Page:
We’ve all been in those meetings which seem to have lost their way. The agenda veers off track, the chair is having an ongoing heated debate with one or two delegates who don’t like the way it’s going, other attendees begin having private conversations among themselves, while the remainder are looking at their mobile phones or watches and wondering when it’s all going to end.
After a bad meeting, you may realise you’ve achieved next to nothing and wonder why. Rather than wallowing in the negatives, try and put a positive slant on events by learning from your mistakes and knowing what not to do next time.
Ask yourself a few key questions such as, “What role did I play in the meeting? What did I want to get out of it? Was I clear enough beforehand about what was expected? How could I have done things differently?”
Next time, have an action plan in place, so that if a meeting seems to be taking a turn for the worse, you know how to nip it in the bud – before it ends up totally out of control.
A meeting may start out well but 15 minutes in, you start to get that sinking feeling that you’re not making any progress – and as chair of the meeting, you may be at least partly responsible if you didn’t create a meticulously planned, strong agenda, well in advance.
The moment you realise it’s starting to go off the rails, don’t try and muddle on in the hope it may sort itself out. Take positive steps to indicate you know it’s not going well and that you intend to take control and get the meeting back on track.
The first thing to do is to call a time out. Acknowledge that it isn’t working and that you’re going to remedy this. If necessary, have a short break. Let people go for a coffee, a cigarette break, stretch their legs or whatever they want to do. This isn’t wasting time – it’s giving them a chance to re-focus and come back more energised.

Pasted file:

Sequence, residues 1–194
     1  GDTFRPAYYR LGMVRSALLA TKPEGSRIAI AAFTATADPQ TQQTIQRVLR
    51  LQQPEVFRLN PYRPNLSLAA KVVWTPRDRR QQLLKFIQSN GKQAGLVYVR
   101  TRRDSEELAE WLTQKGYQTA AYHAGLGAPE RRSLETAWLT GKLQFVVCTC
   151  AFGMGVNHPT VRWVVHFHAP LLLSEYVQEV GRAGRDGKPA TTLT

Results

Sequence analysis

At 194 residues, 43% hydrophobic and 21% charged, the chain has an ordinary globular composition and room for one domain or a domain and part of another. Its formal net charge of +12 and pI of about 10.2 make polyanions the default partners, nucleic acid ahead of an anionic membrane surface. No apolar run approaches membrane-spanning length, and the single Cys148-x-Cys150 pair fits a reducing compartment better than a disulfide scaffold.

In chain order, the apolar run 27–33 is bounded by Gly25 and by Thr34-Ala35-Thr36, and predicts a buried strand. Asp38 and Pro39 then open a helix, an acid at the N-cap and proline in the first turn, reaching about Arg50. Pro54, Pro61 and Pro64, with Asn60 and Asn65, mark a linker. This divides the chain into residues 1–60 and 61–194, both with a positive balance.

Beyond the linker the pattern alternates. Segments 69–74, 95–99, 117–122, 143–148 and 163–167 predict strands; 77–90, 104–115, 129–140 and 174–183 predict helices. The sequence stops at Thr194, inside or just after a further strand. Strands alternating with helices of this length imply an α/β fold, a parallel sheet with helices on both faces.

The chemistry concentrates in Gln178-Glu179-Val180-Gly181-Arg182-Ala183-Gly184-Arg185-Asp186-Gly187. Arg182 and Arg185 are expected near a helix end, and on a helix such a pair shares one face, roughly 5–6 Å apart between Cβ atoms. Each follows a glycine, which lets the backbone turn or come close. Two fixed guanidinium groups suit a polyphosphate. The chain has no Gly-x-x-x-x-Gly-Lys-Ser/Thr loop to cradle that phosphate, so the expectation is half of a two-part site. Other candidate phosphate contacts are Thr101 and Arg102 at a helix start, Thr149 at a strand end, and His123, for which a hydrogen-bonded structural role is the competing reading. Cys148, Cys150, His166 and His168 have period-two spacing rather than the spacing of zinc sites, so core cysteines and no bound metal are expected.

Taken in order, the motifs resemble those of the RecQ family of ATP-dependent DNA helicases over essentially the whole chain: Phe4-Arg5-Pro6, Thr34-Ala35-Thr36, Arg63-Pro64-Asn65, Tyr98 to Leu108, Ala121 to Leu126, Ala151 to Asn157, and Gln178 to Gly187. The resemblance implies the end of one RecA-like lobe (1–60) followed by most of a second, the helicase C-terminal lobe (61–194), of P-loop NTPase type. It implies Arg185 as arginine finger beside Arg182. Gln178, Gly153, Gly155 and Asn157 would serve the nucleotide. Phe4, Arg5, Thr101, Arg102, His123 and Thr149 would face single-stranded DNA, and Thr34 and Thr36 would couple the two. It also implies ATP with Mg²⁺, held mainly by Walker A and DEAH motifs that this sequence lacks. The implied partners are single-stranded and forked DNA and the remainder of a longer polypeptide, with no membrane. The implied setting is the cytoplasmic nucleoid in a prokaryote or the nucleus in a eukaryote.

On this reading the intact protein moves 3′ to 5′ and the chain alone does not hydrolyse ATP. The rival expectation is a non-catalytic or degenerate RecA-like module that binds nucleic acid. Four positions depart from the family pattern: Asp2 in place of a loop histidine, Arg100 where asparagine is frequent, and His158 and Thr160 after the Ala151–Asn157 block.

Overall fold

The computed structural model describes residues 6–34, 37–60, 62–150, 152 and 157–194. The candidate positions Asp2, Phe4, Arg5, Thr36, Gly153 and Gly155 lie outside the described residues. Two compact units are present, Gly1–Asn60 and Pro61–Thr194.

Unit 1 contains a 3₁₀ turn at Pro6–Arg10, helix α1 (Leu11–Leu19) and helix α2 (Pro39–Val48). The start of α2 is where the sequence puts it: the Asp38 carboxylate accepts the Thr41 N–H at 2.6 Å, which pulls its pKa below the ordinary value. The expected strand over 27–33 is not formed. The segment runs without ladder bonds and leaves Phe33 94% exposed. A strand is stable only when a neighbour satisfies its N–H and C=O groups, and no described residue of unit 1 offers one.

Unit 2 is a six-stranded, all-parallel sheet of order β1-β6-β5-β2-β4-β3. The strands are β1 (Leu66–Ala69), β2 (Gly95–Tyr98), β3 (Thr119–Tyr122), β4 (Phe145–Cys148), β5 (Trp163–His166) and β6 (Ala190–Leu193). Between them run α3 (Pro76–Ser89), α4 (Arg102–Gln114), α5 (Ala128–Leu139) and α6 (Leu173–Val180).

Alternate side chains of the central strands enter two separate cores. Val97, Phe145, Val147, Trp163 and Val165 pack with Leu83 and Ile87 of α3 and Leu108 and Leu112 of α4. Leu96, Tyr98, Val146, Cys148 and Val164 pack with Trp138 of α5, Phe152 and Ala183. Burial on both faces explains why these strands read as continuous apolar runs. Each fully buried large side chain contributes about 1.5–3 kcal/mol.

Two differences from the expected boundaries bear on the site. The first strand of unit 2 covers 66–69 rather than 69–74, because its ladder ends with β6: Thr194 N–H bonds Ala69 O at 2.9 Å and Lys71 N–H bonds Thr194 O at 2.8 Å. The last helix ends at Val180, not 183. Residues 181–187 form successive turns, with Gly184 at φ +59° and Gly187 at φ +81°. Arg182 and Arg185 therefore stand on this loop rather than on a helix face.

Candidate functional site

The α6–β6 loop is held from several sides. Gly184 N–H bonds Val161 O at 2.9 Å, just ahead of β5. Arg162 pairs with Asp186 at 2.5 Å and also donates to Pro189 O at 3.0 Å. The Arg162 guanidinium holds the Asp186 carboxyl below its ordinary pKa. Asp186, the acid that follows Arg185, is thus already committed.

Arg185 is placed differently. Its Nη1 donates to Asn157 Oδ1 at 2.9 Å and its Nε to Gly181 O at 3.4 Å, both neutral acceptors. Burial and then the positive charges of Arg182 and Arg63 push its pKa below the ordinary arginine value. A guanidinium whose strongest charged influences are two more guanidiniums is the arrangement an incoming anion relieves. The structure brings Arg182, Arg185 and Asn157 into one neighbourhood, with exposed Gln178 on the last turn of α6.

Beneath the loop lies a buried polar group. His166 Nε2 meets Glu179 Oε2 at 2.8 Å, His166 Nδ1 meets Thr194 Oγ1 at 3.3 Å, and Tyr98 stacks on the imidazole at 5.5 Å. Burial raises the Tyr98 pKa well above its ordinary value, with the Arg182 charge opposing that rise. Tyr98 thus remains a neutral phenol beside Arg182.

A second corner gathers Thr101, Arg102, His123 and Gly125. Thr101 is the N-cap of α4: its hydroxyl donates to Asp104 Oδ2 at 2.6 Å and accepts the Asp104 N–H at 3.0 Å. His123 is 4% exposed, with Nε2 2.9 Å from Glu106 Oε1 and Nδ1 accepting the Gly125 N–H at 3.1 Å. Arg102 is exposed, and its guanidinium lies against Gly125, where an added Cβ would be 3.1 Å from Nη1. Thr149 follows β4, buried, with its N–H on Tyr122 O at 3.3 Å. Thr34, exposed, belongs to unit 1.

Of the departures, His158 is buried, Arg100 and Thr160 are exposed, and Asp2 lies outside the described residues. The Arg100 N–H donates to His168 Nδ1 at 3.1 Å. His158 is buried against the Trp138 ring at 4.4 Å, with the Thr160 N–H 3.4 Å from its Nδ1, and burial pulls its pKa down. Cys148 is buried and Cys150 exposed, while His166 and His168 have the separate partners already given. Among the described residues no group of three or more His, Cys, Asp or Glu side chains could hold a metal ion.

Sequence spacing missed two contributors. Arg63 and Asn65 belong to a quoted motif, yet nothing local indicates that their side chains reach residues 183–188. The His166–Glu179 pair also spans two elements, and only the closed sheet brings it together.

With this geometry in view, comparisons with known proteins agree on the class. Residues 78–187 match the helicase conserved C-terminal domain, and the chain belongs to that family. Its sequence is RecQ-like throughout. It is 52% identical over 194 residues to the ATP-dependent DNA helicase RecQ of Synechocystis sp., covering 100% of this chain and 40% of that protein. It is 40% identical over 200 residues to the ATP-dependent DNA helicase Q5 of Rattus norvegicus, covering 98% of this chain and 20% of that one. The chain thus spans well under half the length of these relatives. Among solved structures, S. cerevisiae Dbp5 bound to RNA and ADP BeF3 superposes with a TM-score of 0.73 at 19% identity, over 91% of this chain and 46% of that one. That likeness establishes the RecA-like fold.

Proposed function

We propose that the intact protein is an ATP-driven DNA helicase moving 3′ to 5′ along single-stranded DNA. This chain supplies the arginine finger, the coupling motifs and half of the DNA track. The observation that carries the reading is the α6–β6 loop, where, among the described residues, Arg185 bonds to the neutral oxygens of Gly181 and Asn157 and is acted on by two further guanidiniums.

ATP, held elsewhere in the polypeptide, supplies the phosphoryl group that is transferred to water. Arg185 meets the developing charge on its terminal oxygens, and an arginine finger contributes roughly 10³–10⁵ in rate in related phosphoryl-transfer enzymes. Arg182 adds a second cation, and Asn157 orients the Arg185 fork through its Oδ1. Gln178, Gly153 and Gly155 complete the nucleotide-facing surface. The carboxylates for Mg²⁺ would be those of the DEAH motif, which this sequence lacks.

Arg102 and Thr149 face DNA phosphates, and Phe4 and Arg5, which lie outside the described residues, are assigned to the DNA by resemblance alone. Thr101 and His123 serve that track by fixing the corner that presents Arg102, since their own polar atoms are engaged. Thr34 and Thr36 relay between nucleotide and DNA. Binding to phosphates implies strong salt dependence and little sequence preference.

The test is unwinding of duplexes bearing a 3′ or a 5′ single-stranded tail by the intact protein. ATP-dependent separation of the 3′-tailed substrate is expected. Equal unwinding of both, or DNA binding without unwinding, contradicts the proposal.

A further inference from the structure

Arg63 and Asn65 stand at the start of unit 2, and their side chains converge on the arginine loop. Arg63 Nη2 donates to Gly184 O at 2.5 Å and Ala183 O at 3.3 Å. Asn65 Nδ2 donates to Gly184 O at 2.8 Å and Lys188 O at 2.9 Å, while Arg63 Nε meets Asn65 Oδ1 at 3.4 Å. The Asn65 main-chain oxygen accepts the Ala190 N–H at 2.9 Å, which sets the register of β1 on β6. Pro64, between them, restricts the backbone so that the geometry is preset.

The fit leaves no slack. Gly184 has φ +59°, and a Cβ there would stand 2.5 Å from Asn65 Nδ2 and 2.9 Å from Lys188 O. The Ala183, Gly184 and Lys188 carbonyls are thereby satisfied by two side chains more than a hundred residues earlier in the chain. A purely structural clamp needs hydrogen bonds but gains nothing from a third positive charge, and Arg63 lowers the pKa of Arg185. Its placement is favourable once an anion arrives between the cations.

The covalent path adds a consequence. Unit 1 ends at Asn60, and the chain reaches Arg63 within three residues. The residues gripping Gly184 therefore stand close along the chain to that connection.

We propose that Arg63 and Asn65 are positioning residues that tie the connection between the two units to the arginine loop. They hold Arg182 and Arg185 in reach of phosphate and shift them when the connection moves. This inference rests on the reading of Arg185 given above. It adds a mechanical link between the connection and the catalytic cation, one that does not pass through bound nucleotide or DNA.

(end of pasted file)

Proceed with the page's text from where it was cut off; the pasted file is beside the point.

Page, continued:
Begin by re-articulating the objectives, not only for the meeting but for the project in general. If attendees have lost sight of what you’re aiming to accomplish, meetings can spin out of control. Help the team to visualise the goals to get them back on track.
Clarify individuals’ roles and remind them of what they need to do, whether it’s being subject matter experts, brainstorming ideas, raising issues or researching – remind people why they are there and why they’re important to the project’s success.
Change the dynamic of the meeting – for example, if you’ve been presenting on a whiteboard to a large group, try small breakout teams instead. Turn off the Powerpoint altogether and instead, “walk through” the general concept in a less formal manner, to generate discussion. Achieve a more productive energy simply by altering the way the meeting is run.
Immediately “celebrate” a meeting in which progress is being made, where people agree, and you are all working collectively towards the common goal. This doesn’t mean you have to go crazy but simply smile and tell people you think it’s going well and that the meeting is achieving the expected purpose.
Remember too that the enemy of a good meeting is to express something resembling relief at the end, as this perpetuates the attitude, “The meeting’s over – now let’s get back to doing some real work.” This will lead attendees to consider that the next meeting will simply be a drain on their time, rather than the productive coming together of the team to share valuable ideas, as it should be.
Creating a good meeting is all about planning, attitude and culture – and if it does start to go wrong, knowing how to halt the negative vibes in their tracks.
To make sure you have the best venue for your meeting, contact &Meetings to book meeting rooms in London on 0800 073 0499. We’ll be happy to help you through the booking process.